It takes at least a second reading for Christians, especially, to realize that the garden serpent is not an evil principle but rather belongs to Yahweh’s created order which he declared “very good.” In other words, this isn’t the devil (or Satan) as later orthodoxy would insist. (When the myth was first invented, there was as yet no such absolute principle of personified evil working in opposition to an absolute good.) The serpent merely tempts Eve to seize an opportunity that might work to her advantage – that she will be “like god, knowing good and evil.”

At this stage of the story, Adam and Eve are still innocent and naive. They only know what they’ve been told by their higher power. Their world was created by someone else, is managed by someone else, and the way they should behave is dictated by someone else. Sound familiar? In other words, Adam and Eve are children – not literally children in the story, but serving as archetypes of “the child.”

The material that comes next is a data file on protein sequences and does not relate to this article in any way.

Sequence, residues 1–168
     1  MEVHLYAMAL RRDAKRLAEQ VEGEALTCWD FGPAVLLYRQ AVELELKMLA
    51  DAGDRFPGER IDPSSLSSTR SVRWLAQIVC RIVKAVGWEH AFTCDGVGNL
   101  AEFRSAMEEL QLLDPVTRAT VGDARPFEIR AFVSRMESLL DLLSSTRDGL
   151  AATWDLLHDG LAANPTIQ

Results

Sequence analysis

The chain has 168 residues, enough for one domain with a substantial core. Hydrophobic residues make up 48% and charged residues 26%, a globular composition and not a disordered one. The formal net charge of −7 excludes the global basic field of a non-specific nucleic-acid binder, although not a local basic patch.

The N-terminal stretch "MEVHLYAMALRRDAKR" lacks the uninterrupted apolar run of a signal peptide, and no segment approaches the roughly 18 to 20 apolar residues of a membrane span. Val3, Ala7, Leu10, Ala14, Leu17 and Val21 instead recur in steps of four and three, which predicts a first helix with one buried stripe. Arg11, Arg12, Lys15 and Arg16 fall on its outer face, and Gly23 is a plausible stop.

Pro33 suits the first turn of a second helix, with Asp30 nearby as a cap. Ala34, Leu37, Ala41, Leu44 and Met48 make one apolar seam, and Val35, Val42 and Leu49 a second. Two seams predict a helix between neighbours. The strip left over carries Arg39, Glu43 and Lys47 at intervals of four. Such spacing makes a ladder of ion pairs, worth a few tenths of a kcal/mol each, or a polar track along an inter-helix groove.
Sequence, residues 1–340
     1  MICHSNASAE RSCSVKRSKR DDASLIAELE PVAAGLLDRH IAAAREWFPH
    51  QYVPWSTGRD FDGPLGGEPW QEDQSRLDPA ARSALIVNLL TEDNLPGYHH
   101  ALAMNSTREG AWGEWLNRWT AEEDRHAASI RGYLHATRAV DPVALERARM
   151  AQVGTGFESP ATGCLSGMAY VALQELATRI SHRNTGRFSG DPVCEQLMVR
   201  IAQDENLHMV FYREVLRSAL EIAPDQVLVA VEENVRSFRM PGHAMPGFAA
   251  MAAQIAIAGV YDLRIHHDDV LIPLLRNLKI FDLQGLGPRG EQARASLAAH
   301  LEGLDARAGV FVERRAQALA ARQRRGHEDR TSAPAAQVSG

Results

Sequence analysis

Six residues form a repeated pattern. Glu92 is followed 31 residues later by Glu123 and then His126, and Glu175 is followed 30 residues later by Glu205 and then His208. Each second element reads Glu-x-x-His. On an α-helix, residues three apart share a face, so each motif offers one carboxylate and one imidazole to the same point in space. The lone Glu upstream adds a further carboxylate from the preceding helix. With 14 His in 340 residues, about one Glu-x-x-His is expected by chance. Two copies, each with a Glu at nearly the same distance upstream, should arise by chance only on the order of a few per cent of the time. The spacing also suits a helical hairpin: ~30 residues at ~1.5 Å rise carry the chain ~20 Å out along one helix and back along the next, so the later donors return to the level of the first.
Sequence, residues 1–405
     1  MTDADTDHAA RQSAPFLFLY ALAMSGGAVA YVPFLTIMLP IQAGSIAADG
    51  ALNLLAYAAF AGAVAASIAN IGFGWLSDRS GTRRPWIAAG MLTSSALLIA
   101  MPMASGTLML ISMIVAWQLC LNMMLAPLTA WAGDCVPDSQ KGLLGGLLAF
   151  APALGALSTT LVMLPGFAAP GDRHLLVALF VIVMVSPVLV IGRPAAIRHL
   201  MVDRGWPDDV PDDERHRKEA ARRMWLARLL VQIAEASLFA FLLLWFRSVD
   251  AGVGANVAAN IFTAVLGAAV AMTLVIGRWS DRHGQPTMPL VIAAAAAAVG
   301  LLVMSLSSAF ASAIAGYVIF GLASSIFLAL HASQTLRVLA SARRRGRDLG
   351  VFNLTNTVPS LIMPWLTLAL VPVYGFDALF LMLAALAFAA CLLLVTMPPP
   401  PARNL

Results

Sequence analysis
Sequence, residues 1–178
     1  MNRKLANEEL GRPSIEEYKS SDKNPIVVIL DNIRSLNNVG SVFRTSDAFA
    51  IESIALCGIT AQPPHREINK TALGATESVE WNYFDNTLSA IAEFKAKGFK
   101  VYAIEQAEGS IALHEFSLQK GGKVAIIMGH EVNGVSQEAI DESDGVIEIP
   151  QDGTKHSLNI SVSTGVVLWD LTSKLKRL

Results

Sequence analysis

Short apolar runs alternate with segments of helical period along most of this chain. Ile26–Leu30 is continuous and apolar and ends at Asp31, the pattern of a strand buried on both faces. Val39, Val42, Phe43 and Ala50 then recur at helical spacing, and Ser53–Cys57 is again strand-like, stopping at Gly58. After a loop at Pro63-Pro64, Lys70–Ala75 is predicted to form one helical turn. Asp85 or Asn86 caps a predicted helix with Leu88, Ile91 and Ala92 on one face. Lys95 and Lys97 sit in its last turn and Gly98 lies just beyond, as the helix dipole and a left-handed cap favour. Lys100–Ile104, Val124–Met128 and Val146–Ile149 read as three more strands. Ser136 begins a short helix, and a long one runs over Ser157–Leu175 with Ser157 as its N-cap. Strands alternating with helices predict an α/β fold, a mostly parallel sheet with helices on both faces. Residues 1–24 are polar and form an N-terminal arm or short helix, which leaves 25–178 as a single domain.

When we are young children, our own animal nature and its survival drives compels behavior that inevitably runs up against the ‘dos’ and ‘don’ts’ of morality, that is to say, of the rule system that lays down the code of what sorts of behavior are commanded or prohibited. Because our animal nature has been at it for millions of years already, it takes time and repeated disciplinary actions for our tribe to bring these impulses in line.